“Times are Changing”: What Does This Mean for the People of Cuba?
First came President Obama and then the Rolling Stones, the message is clear, Cuba is open for business – but what does this mean for the country and the people? A year since the US and Cuba restored diplomatic relations we will discuss what has changed.
Speaking as the first sitting US president to visit Cuba since the 1959 revolution, Obama switched to Spanish to say “El futuro de Cuba tiene que estar en las manos del pueblo cubano” — “the future of Cuba must be in the hands of the Cuban people.” His words mark a significant shift, we will be discussing whether they can be realised.
Chaired by Juliana Ruhfus, journalist, filmmaker, and senior reporter at Al Jazeera English, People and Power.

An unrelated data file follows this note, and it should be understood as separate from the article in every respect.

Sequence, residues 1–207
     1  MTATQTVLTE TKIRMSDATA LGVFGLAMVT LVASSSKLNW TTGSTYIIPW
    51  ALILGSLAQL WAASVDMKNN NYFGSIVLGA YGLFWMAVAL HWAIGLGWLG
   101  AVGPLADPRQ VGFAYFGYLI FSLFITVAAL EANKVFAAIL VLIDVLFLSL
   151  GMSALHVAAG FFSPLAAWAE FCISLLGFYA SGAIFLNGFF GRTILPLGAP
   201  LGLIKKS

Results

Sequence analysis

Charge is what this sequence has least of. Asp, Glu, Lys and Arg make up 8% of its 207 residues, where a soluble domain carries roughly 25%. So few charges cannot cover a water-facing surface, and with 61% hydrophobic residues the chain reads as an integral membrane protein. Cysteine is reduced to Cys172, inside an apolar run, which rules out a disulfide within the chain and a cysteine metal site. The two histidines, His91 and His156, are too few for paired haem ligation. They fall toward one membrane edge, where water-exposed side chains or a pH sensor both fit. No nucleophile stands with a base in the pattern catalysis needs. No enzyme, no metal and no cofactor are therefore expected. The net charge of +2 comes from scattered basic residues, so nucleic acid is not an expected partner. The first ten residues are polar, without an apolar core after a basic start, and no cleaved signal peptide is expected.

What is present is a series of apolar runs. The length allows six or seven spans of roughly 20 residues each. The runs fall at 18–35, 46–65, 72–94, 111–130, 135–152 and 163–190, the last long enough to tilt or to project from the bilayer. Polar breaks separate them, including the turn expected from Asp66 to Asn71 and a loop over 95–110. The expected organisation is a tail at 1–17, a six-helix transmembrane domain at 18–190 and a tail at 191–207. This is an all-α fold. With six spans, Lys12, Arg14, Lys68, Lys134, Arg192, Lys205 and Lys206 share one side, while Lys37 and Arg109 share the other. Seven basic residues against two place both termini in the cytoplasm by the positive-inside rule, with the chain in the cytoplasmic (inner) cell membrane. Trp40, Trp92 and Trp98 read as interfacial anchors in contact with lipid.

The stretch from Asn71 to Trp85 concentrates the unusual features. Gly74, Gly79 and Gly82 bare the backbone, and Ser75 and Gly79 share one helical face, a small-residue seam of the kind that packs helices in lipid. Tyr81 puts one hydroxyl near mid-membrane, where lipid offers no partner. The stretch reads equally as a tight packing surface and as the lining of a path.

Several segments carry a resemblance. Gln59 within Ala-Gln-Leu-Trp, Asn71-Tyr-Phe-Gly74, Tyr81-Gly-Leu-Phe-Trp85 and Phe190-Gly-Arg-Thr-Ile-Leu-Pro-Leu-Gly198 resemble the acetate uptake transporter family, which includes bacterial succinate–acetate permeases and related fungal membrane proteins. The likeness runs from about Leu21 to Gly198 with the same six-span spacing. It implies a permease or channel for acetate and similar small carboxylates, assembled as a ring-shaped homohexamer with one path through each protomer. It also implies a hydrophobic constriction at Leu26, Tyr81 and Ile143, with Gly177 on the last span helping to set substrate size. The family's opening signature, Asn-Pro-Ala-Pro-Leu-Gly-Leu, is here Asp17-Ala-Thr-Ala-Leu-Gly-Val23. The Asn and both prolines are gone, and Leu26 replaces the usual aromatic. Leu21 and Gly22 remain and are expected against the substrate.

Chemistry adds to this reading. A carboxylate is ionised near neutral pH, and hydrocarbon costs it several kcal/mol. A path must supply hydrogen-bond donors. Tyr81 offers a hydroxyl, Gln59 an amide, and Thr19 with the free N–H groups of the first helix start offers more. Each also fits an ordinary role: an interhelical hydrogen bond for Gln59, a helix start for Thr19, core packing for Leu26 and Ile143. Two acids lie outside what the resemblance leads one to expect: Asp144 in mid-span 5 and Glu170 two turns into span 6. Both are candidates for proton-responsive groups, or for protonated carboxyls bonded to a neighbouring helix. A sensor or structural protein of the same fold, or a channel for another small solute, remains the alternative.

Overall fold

Michael Voss is the CCTV correspondent based in Cuba. He moved there in 2007 for the BBC and has reported on the political and economic changes along with a broad range of social and cultural issues. He has been covering Latin America since the mid 1990’s when he was the BBC’s South America Correspondent.
Emilio San Pedro is one of the editors of BBC Monitoring and regional manager for Latin America. He was the Americas Editor for the BBC World Service and travelled frequently to Latin America and Cuba. He was in Cuba last year for a BBC World Service series of reports on the changes in the country. He was born and raised in Miami and is the son of Cuban exiles.
Helen Yaffe, a fellow in the Economic History department at the London School of Economics (LSE). Since 1995 she has spent time living and researching in Cuba, her publications have focused on Cuban political economy and regional economic integration.
Will Grant (via Skype) is the BBC’s Cuba Correspondent based in Havana. He has been studying and working in Latin America for 20 years, and covering the region for the BBC since 2001.